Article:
One of the most notable aspects of President Obama’s last State of the Union Address was his “clear-eyed, big-hearted” optimism. Despite his lament about the bleakness of inter and intra party feuds, the President was firm on his stance that America is an enduring force for good. Perhaps what was most fitting about the president’s words was his invocation of Dr. Martin Luther King Jr., who would have turned 87 this 15th of January. Obama declared:
. . . our brand of democracy is hard. But I can promise that a year from now, when I no longer hold this office, I'll be right there with you as a citizen — inspired by those voices of fairness and vision, of grit and good humor and kindness that have helped America travel so far. Voices that help us see ourselves not first and foremost as black or white or Asian or Latino, not as gay or straight, immigrant or native born; not as Democrats or Republicans, but as Americans first, bound by a common creed. Voices Dr. King believed would have the final word — voices of unarmed truth and unconditional love.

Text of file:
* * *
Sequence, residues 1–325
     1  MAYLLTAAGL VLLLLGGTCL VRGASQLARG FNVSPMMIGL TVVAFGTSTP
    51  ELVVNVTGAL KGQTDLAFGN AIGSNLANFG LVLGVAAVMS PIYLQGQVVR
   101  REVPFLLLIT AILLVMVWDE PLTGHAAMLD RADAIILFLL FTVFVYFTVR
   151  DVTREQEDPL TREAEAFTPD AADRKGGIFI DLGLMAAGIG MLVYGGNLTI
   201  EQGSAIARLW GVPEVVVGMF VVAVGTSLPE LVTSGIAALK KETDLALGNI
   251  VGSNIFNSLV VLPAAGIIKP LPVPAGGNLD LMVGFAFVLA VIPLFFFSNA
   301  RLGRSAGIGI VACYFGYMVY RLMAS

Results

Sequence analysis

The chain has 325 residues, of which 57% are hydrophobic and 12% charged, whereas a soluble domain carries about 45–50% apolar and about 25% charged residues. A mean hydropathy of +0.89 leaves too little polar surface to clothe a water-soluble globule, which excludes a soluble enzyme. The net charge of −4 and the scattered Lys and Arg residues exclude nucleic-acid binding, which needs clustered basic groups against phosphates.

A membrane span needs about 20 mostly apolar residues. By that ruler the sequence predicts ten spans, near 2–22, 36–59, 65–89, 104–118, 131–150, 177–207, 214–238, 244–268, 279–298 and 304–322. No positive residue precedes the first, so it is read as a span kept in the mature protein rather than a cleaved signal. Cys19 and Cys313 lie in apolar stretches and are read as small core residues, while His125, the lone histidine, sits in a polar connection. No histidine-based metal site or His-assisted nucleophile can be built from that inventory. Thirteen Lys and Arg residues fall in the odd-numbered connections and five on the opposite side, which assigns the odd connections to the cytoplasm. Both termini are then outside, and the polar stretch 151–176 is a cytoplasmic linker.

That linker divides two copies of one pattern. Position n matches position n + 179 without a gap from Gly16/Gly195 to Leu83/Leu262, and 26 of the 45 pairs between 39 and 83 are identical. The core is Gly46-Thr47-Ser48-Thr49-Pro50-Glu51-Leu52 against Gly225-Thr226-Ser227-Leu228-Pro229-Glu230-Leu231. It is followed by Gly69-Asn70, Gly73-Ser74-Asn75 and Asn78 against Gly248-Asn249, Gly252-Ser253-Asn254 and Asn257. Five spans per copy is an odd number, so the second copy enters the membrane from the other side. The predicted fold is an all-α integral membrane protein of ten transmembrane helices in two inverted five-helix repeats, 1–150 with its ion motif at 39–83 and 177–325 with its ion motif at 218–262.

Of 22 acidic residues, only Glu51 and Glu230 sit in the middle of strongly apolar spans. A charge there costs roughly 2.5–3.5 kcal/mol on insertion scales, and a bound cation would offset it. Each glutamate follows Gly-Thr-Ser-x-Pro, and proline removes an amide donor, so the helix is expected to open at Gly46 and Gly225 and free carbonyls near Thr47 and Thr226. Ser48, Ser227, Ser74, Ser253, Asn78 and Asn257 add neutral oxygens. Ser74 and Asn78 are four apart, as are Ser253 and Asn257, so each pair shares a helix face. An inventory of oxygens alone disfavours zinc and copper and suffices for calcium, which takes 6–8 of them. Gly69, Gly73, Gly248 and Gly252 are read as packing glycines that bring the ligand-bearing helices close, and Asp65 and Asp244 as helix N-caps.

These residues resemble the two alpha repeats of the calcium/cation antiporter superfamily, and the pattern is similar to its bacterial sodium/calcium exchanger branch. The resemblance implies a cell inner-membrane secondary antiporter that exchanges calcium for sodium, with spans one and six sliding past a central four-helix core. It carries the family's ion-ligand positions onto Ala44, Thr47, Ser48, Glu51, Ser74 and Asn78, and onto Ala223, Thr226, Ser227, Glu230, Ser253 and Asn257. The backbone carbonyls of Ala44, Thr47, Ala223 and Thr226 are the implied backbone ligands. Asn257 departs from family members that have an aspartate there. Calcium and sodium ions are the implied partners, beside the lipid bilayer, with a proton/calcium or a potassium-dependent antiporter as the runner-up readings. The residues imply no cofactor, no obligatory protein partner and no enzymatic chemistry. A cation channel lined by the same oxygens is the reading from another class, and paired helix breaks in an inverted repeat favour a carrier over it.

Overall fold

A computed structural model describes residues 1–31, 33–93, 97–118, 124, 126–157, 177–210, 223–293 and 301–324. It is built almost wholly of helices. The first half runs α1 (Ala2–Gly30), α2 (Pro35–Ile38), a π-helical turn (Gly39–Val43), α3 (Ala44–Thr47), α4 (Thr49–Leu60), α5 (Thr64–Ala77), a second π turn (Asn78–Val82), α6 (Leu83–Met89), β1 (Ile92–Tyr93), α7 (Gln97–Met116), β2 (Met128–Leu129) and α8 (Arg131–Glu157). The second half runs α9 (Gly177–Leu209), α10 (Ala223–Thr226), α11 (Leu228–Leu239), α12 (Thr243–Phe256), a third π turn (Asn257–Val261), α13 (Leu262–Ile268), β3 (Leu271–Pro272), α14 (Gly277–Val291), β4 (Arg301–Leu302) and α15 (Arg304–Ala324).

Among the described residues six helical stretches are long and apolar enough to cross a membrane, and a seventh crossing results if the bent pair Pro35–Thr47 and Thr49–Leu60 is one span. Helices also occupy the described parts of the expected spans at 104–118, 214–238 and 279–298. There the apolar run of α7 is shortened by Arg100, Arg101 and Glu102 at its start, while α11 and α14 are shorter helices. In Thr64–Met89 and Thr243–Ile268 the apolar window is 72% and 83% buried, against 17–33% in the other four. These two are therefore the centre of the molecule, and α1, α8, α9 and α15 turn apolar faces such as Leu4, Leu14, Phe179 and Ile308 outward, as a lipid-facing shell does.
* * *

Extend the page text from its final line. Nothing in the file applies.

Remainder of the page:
Next America compiled images that depict a reflection of Dr. King’s life and how his message of love and nonviolence persists today among those he unforgettably evoked during his “I Have a Dream” speech--American children.
Dr. King’s words resonate loudly nearly half a century after his death as men, women, and children across the world remember his legacy and, more importantly, build on his dream.
This article is part of our Next America: Communities project, which is supported by a grant from Emerson Collective.
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Jordan T. Jones is a former associate editor at The Atlantic, where he worked on social media.